“Celibate. Jasus. I find that hard to believe. You must be one of the most sensual women I have ever met. Why?”
“Are you asking about sex or trust?”
Isabella laughed. “I see we are getting back down to basics.” She stubbed out the cigarette and immediately lit another. “I am celibate as a matter of choice, of discipline as it were. It is hard to explain.”
“You mean, like a priest or nun?”
“No, not really. I am not Catholic but I suppose in its original intention it is not that different. There was a famous Sufi mystic and writer called Ibn ‘Arabi from Andalusia who in the twelfth century said that it can only be in woman that man may truly contemplate God.”
“The Shaykh al-Akbar. Born in Murcia I think. I read his book of poetry dedicated to the Lady Nizam during a romantic summer long ago,” Michael immediately remembered, all his faculties firing.
“Wow. I am impressed, Michael. It means you possibly understand,” Isabella said with a slight purse of her lips.
“In what way?”
“In remaining celibate I have purified my soul. I have reached a spiritual stability which the Sufi’s call tamkin. In recompense there is insight, knowledge and wisdom. Ibn ‘Arabi suggests that a celibate woman is the ultimate jamal or beauty describing the relationship of mankind with God.”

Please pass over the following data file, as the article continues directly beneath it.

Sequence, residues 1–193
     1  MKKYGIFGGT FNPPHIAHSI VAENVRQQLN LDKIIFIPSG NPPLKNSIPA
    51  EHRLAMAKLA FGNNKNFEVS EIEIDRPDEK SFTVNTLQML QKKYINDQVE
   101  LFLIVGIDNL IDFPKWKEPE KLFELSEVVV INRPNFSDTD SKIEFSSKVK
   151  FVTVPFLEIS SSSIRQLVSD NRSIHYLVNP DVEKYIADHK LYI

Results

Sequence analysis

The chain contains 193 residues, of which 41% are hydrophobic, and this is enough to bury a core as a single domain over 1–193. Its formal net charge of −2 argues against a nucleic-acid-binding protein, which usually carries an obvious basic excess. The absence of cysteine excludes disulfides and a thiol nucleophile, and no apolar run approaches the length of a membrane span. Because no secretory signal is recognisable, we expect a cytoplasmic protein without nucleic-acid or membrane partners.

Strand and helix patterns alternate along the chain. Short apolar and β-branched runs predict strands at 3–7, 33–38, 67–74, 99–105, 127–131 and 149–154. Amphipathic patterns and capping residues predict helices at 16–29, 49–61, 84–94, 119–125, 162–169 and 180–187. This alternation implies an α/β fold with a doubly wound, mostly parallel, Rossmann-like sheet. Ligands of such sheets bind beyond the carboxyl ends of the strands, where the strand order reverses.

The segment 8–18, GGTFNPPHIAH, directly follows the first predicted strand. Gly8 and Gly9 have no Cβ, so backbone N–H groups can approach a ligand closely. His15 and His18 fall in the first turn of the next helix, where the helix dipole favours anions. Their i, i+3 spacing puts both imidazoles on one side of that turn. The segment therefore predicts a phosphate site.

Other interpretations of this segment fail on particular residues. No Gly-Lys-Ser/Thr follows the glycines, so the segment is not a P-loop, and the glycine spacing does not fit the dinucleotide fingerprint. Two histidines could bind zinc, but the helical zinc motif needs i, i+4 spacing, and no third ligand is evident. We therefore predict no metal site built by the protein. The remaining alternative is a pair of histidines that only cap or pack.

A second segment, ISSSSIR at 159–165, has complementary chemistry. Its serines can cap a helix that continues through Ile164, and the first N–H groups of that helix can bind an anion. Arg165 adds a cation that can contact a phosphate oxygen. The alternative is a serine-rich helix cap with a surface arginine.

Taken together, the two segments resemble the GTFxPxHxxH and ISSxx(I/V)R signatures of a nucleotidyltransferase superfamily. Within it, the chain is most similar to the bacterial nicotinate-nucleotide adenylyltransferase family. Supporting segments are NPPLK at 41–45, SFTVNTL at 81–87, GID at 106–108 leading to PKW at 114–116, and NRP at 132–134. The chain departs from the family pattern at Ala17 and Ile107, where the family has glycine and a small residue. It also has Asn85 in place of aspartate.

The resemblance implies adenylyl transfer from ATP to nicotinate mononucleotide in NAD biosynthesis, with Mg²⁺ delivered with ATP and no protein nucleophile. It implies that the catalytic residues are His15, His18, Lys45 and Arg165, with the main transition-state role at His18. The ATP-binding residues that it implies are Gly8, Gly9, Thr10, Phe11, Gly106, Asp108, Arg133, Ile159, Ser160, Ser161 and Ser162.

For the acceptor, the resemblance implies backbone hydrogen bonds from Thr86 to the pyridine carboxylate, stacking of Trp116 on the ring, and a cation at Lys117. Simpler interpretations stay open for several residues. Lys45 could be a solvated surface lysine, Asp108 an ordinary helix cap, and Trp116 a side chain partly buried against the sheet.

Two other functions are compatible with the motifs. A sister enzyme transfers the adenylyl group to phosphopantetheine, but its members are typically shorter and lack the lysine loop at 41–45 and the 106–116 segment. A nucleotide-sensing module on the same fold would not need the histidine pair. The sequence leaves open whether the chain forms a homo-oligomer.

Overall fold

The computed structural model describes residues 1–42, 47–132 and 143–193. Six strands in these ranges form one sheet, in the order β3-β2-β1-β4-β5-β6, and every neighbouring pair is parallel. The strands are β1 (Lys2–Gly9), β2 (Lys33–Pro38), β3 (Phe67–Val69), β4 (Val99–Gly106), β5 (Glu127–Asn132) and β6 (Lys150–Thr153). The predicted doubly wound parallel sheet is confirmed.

“Have you always . . . eh?”
“What? Been celibate?”
He nodded and Isabella’s unfettered laughter, once more, made them the focal point of the room. “You are persistent! No, Michael, I am not a virgin. I have had to travel through a number of degrees of ascent to achieve this state of inner peace. You were observant earlier about my sensuality and, believe me when I say this; the transition has often been difficult. Duty for me has meant sacrificing some very strong inclinations. Can you understand?”
“Yes, although it is hard to rationalize the sacrifice.”
Isabella squeezed his hand again. “Cheer up, Michael. There is some hope. I reserve the option to review that choice at any time. I consider that the pursuit of pleasure, material or sensual, is a wilful choice and not the result of original sin or inherent evil. For me however my duty to secure happiness is served best by the opposite course. There is an additional value in the energy saved by needless games and this allows me to develop trusting relationships with my Creator, others and myself. You should consider it.”
“I thought that the Sufi’s felt that in making love to a woman man reaches the state of annihilation and that the couples’ sins were absolved.”
“Yes, but that annihilation is only in the context of absorbing the light of God. In its intention it is a stage on the path to understanding. Salvation requires that we release ourselves from the constraints of matter, lust, and belonging to reach a higher awareness. This I must do alone.”
“Have you never met the right man?”
“Person you mean. It does not automatically mean a male is necessary.”
“You are right, but then I am looking at you from a male perspective.”
“You should stop looking at me, Michael and look into me instead.”
“I would like that.”